JNN 16 May 2011 The Vatican told bishops around the world Monday that it is important to cooperate with police in reporting priests who rape and molest children and asked them to develop guidelines for preventing sex abuse by next May.
But the letter from the Congregation for the Doctrine of the Faith made no provision to ensure the bishops actually follow the guidelines, and victims groups immediately denounced the recommendations as “dangerously flawed” because they stress the exclusive authority of bishops to determine the credibility of abuse allegations.
The letter marks the latest effort by the Vatican to show that it is serious about rooting out pedophiles from the priesthood, a year after the sex abuse scandal exploded on a global scale with thousands of new victims coming forward in Europe and beyond.
It is significant in that it marks a universal directive to all the world’s bishops to establish “clear and coordinated procedures” with superiors of religious orders to deal with pedophiles and care for their victims. It puts on paper that it is “important” for bishops to cooperate with police in investigating abuse allegations and that bishops should follow civil reporting laws where they exist.
But the vague, nonbinding measure failed to impress advocates for victims who have long blamed bishops bent on protecting the church and its priests for fueling the scandal. Without fear of punishment themselves, bishops frequently moved pedophile priests from parish to parish rather than reporting them to police or punishing them under church law.
“There’s nothing that will make a child safer today or tomorrow or next month or next year,” said Barbara Dorris, outreach director for the main U.S. victims group Survivors Network for Those Abused by Priests.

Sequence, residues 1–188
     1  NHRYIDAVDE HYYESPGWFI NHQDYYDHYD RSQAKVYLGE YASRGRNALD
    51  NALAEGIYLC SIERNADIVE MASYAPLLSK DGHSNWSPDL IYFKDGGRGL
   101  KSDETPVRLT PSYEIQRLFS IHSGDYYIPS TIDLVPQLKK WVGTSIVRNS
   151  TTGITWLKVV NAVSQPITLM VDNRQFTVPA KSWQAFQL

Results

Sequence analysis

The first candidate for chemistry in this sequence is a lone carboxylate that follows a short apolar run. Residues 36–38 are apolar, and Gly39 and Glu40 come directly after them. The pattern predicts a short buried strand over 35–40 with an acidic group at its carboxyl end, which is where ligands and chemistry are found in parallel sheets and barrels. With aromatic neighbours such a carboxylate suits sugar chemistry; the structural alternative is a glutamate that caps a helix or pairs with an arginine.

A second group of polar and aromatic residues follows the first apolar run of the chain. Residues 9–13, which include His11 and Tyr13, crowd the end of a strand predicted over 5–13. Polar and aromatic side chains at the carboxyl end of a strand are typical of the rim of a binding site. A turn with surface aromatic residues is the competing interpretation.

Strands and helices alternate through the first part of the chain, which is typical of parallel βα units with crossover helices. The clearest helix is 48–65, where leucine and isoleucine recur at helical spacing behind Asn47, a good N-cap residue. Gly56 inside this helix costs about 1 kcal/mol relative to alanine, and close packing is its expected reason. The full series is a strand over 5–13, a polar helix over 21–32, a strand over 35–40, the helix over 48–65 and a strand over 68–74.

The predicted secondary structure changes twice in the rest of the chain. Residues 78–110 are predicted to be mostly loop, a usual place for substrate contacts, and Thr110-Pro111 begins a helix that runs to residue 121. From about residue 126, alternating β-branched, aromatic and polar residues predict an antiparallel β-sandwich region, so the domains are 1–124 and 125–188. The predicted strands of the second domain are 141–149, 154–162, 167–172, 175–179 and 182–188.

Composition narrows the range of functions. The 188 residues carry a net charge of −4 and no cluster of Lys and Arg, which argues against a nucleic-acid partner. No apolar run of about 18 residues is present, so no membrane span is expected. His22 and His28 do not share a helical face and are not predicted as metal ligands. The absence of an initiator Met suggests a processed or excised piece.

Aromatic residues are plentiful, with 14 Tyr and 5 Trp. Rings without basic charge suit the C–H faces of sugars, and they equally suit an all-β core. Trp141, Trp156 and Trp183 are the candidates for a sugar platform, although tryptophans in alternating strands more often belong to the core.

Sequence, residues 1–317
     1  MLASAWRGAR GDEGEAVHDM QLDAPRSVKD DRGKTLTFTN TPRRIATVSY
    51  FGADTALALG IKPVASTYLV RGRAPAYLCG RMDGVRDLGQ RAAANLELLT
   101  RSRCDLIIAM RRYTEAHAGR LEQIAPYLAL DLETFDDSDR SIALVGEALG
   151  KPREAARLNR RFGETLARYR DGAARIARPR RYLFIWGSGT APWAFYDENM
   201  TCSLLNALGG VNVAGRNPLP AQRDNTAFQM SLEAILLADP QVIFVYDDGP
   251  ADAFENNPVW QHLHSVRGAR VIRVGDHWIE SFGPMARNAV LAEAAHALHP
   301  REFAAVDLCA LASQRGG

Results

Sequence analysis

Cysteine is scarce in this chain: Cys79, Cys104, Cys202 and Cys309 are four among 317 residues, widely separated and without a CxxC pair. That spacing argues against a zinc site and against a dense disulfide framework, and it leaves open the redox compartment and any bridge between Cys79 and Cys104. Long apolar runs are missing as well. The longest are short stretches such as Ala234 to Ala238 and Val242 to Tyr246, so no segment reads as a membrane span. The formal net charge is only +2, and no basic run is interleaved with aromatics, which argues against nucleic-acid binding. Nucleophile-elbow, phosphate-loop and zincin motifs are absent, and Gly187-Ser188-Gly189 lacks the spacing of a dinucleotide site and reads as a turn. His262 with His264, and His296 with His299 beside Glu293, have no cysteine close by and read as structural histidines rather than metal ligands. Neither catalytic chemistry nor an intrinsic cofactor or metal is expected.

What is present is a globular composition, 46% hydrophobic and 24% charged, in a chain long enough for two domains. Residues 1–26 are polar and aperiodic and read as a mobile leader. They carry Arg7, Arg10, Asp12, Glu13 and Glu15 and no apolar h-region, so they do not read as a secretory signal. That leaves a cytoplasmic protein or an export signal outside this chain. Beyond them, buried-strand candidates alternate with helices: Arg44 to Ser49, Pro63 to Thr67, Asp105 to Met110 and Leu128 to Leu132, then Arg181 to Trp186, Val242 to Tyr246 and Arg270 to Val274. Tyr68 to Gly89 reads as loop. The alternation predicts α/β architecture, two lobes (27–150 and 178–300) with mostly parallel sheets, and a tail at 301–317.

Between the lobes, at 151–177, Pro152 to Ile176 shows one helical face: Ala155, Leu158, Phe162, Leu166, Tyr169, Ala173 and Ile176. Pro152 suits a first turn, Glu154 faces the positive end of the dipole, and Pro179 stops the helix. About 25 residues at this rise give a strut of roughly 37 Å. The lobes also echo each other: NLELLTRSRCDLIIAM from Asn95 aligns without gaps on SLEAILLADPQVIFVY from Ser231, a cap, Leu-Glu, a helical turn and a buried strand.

Critically, the letter reinforces bishops’ exclusive authority in dealing with abuse cases. It says independent lay review boards that have been created in some countries to oversee the church’s child protection policies and ensure compliance “cannot substitute” for bishops’ judgment and power.
Recently, such lay review committees in the U.S. and Ireland, which act as a sort of check on bishops, have reported that some bishops “failed miserably” in following their own guidelines and thwarted the boards’ work by withholding information from them and by enacting legal hurdles that made ensuring compliance impossible.
“Our central concern is that bishops and religious leaders retain enormous discretionary powers to decide if an allegation is credible,” said Maeve Lewis, executive director of the Irish victims group One in Four.
“Clergymen do not have the skills or expertise to make sound decisions in this regard: that is a matter for law enforcement and child protection specialists,” Lewis said, calling the Vatican letter “dangerously flawed.”
The Vatican spokesman, the Rev. Federico Lombardi, said the document’s emphasis on the central authority of bishops wasn’t a negative commentary on the role of lay review boards but rather a reminder of the “great responsibility” bishops have in dealing with abuse cases as heads of their dioceses.
Lombardi explained that the Vatican didn’t make reporting abuse cases to police mandatory on bishops because different countries have different laws that bishops must abide by. The Vatican has said such a binding reporting rule would be problematic for priests working in countries with repressive regimes.
The letter tells the bishops’ conferences to consult with superiors of religious orders and draft guidelines and report them back to the Congregation by May 2012. It says bishops should be prepared to listen to victims, to create “safe environment” programs for minors and to better screen seminarians and ensure they receive proper training about celibacy and the damage done to victims of sex abuse.
It stresses that all accused priests are presumed innocent until proven otherwise.